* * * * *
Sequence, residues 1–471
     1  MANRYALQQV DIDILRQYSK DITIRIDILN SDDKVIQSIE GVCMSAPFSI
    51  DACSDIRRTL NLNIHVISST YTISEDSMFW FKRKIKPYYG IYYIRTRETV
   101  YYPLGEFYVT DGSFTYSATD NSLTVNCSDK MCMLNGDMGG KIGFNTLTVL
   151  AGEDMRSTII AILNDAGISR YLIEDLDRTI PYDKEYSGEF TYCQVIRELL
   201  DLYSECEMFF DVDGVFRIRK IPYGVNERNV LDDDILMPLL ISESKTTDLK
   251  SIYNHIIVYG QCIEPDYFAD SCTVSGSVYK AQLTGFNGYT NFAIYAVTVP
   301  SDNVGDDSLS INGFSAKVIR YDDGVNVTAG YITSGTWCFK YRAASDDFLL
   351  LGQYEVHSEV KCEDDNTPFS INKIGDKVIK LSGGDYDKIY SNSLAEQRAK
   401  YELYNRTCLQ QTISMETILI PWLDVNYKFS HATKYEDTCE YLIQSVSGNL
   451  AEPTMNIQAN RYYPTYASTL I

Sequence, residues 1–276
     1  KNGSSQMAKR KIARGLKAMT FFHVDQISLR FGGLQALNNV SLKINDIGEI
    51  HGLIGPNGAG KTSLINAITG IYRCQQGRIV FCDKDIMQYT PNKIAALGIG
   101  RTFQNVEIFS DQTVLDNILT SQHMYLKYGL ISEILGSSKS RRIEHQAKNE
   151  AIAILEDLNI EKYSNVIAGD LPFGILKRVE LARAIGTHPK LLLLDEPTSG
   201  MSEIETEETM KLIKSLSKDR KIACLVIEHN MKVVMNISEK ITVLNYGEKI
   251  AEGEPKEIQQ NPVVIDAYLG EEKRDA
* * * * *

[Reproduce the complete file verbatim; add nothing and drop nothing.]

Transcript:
Sequence, residues 1–471
     1  MANRYALQQV DIDILRQYSK DITIRIDILN SDDKVIQSIE GVCMSAPFSI
    51  DACSDIRRTL NLNIHVISST YTISEDSMFW FKRKIKPYYG IYYIRTRETV
   101  YYPLGEFYVT DGSFTYSATD NSLTVNCSDK MCMLNGDMGG KIGFNTLTVL
   151  AGEDMRSTII AILNDAGISR YLIEDLDRTI PYDKEYSGEF TYCQVIRELL
   201  DLYSECEMFF DVDGVFRIRK IPYGVNERNV LDDDILMPLL ISESKTTDLK
   251  SIYNHIIVYG QCIEPDYFAD SCTVSGSVYK AQLTGFNGYT NFAIYAVTVP
   301  SDNVGDDSLS INGFSAKVIR YDDGVNVTAG YITSGTWCFK YRAASDDFLL
   351  LGQYEVHSEV KCEDDNTPFS INKIGDKVIK LSGGDYDKIY SNSLAEQRAK
   401  YELYNRTCLQ QTISMETILI PWLDVNYKFS HATKYEDTCE YLIQSVSGNL
   451  AEPTMNIQAN RYYPTYASTL I

Sequence, residues 1–276
     1  KNGSSQMAKR KIARGLKAMT FFHVDQISLR FGGLQALNNV SLKINDIGEI
    51  HGLIGPNGAG KTSLINAITG IYRCQQGRIV FCDKDIMQYT PNKIAALGIG
   101  RTFQNVEIFS DQTVLDNILT SQHMYLKYGL ISEILGSSKS RRIEHQAKNE
   151  AIAILEDLNI EKYSNVIAGD LPFGILKRVE LARAIGTHPK LLLLDEPTSG
   201  MSEIETEETM KLIKSLSKDR KIACLVIEHN MKVVMNISEK ITVLNYGEKI
   251  AEGEPKEIQQ NPVVIDAYLG EEKRDA